Lichfield Cathedral (Photograph: Patrick Comerford)
Visiting Lichfield and its cathedral this weekend, I was delighted to find an interesting connection between Lichfield Cathedral and one of the high points of musical and cultural life in Victorian Dublin.
Everyone in Dublin knows both the Feis Ceoil and the Culwick Choral Society. But I wonder how many people realise that both were founded within a year of each other by Dr James C Culwick (1845-1907), or that Culwick was a chorister and assistant organist at Lichfield Cathedral before moving to Ireland in 1866.
Lichfield Cathedral ... seen from Darwin House (Photograph: Patrick Comerford)
The English composer and organist held a succession of appointments as organist, first in Birr, Co Offaly, and then in Bray, Co Wicklow, before finally settling in Dublin.
Culwick moved from Saint Ann’s, in Dawson Street, Dublin, in 1881, to take up the prestigious position of organist and choirmaster in the Chapel Royal in Dublin Castle.
Meanwhile, he was involved in a number of amateur musical bodies, including the Orpheus Choral Society, and was awarded an honorary doctorate by the University of Dublin (Trinity College Dublin) in 1893.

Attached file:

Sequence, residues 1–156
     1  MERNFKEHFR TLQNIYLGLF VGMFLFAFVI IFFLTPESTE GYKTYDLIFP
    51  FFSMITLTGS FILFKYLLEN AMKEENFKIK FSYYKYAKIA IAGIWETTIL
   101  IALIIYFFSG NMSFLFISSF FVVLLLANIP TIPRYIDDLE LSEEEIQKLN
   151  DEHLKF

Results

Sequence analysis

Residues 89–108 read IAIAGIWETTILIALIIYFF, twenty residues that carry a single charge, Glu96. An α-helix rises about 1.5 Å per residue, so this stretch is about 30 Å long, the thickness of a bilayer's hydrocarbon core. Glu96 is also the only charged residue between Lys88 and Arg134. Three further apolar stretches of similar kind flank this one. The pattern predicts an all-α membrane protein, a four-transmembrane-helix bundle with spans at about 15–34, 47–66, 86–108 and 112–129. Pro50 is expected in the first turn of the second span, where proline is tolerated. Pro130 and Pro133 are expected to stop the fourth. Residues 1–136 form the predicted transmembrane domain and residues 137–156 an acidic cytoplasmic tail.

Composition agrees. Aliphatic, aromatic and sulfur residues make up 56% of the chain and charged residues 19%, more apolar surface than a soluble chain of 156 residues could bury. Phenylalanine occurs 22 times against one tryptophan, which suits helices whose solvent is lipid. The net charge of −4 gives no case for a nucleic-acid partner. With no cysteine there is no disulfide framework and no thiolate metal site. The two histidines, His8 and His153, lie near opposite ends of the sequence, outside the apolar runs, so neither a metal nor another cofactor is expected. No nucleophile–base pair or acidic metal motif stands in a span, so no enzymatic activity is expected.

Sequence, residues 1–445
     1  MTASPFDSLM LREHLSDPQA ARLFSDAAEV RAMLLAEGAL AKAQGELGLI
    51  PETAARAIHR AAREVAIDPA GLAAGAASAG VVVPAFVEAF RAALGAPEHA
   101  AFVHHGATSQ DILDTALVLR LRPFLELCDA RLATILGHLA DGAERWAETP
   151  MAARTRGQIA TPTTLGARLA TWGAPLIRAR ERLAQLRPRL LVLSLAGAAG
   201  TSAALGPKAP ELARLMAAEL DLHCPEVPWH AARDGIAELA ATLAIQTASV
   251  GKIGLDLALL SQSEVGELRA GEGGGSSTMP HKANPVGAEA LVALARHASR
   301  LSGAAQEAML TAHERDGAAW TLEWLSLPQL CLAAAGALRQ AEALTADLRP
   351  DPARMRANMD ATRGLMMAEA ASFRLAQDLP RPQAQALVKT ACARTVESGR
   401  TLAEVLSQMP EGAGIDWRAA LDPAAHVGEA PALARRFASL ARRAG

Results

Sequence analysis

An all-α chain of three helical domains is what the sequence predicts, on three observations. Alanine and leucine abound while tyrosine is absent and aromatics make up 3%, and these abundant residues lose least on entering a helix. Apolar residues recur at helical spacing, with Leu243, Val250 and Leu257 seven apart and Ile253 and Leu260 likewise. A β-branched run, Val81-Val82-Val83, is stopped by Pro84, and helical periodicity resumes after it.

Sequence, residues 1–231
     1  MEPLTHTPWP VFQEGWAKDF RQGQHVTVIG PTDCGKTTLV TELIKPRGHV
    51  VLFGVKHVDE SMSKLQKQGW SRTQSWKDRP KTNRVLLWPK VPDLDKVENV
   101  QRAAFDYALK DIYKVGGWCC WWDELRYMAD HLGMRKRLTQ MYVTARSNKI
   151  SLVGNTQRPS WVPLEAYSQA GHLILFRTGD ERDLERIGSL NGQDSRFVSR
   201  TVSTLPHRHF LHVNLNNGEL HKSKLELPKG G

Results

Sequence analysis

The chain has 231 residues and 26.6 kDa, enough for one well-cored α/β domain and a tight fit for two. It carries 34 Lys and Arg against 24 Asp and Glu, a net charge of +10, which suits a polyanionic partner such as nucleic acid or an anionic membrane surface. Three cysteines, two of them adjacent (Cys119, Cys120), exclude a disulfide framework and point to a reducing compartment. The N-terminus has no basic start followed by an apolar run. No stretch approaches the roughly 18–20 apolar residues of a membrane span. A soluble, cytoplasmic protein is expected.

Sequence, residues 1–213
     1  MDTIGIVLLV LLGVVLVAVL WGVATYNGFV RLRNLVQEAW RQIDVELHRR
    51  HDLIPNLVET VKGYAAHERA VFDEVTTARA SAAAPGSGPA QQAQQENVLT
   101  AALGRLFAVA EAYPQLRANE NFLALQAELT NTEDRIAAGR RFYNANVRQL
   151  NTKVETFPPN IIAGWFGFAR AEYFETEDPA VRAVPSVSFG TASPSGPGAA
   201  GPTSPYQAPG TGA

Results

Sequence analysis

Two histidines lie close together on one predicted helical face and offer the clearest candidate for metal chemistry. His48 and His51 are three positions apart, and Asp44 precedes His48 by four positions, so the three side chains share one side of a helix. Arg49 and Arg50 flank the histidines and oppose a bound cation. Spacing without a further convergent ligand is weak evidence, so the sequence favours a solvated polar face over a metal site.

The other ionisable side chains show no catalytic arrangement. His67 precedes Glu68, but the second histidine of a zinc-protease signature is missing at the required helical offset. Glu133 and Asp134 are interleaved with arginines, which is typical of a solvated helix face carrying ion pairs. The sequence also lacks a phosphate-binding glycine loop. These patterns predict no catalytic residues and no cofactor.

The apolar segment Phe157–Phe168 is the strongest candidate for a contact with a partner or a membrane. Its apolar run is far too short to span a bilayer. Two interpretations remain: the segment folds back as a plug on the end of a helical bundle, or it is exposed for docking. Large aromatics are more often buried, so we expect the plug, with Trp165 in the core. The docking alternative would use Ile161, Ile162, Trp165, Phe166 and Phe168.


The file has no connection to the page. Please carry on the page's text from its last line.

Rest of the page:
His output as a composer includes church services, anthems, finely-crafted secular songs, and notably the dramatic cantata The Legend of Stauffenberg (1890).
In 1897, Culwick was a co-founder of Feis Ceoil, and a year later, in 1898, he founded the the Orpheus Choral Society. The society was later renamed the Culwick Choral Society in his honour.
The Culwick is an amateur choir with over 100 active members drawn from all over Dublin and the surrounding counties. For 113 years, the Culwick has maintained an unbroken tradition of music-making in Dublin. The skill and musicianship of a succession of conductors has been crucial to its success. The present Musical Director, Bernie Sherlock, assisted by the Chorus Master, David Leigh, follows a long line of distinguished conductors.
The choir offers a major choral performance each Spring and a concert of seasonal music at Christmas. Since 1990, a charity performance of Handel’s Messiah in Saint Patrick’s Cathedral each December has been an established feature of the Dublin musical calendar.
But it was only in the last few days that I learned the connection between this very important treasure in Dublin’s cultural life and the life of Lichfield Cathedral, which I am enjoying this weekend.
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